THE HUNTER AND THE HORNS by W.H. Canaway

THE HUNTER AND THE HORNS

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KIRKUS REVIEW

A preparatory couple of words about Arabs, Antelopes, and Aphrodisiacs -- The oryx, a large antelope with two imposing horns is among the rarest of the world's animals. For the Arab, the oryx is a virility symbol; having shot one, he believes he can go home and be good with his woman...W.H. Canaway's central character, an English teacher named John Parsons stationed in Arabia, develops a ""thing"" about the oryx. He sees one from his land Rover and feels in someway compelled to save them from impending extinction; he is ""in some manner called to dedicate himself"" to the white beast. Parsons is invited to go with Sheikh Khalid on an expedition into the desert. When Khalid finds out that Parsons has no intention to shoot the oryx -- and is, on the contrary, a kind of missionary in their behalf -- he leaves Parsons in the desert to die. Parsons is rescued by his slave, a present from the Sheikh, and in turn saves the slave from death. Interwoven in the swashbuckling turn of events, is the ubiquitous white oryx. Is it a virility symbol to the English teacher of English who writes home with too much frequency to Mommy? Unfortunately, the whole oryx problem, the person of John Parsons, the merciless Sheikh, etc. never become real so that his story must be primarily read for its elements of adventure.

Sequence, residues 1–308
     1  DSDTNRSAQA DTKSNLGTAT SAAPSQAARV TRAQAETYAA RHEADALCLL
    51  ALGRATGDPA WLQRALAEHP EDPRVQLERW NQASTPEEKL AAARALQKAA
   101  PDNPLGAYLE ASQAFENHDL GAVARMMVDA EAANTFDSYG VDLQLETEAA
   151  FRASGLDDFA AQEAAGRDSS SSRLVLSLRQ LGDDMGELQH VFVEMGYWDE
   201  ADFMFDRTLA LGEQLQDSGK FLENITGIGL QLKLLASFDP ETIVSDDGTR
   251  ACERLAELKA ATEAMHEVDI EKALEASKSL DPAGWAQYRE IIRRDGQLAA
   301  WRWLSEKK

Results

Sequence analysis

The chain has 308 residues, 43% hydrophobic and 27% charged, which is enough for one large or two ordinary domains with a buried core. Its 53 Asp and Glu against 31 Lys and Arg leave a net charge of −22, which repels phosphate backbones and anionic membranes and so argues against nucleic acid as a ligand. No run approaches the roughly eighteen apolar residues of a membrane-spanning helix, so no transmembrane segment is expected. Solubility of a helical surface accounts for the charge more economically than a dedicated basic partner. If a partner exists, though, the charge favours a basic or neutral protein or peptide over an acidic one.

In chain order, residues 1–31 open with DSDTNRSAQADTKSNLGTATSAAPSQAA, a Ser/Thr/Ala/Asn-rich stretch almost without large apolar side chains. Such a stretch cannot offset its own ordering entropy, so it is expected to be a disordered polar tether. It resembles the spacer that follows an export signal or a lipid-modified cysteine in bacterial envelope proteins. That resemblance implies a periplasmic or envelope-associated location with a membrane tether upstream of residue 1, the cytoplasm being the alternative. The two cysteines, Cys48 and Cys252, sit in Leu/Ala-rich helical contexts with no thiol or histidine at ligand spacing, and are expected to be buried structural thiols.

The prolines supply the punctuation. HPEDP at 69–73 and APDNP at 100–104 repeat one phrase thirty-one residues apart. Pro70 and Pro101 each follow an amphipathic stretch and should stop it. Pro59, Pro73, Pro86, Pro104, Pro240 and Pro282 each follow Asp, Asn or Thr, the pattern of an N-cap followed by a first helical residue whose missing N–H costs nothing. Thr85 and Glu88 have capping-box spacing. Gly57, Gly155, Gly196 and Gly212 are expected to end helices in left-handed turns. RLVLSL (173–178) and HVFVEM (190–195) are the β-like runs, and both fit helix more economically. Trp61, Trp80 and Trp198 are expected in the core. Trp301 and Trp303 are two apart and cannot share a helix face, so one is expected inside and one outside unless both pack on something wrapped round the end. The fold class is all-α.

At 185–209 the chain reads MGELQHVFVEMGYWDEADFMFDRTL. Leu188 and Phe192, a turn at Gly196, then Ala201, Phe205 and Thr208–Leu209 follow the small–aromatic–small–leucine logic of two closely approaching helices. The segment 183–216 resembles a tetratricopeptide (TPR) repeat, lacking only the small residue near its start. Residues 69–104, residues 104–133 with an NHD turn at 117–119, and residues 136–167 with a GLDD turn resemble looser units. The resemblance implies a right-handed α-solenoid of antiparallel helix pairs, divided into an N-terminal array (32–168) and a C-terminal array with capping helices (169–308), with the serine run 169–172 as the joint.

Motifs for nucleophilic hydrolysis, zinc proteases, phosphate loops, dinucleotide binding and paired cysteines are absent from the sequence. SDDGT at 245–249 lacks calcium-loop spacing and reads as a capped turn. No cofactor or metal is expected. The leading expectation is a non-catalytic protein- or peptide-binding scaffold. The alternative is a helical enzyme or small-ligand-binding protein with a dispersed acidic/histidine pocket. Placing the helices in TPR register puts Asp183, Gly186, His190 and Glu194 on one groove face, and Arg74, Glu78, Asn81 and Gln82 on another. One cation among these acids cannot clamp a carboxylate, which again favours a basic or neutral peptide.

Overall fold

Pub Date: Jan. 16th, 1962
Publisher: Harper & Row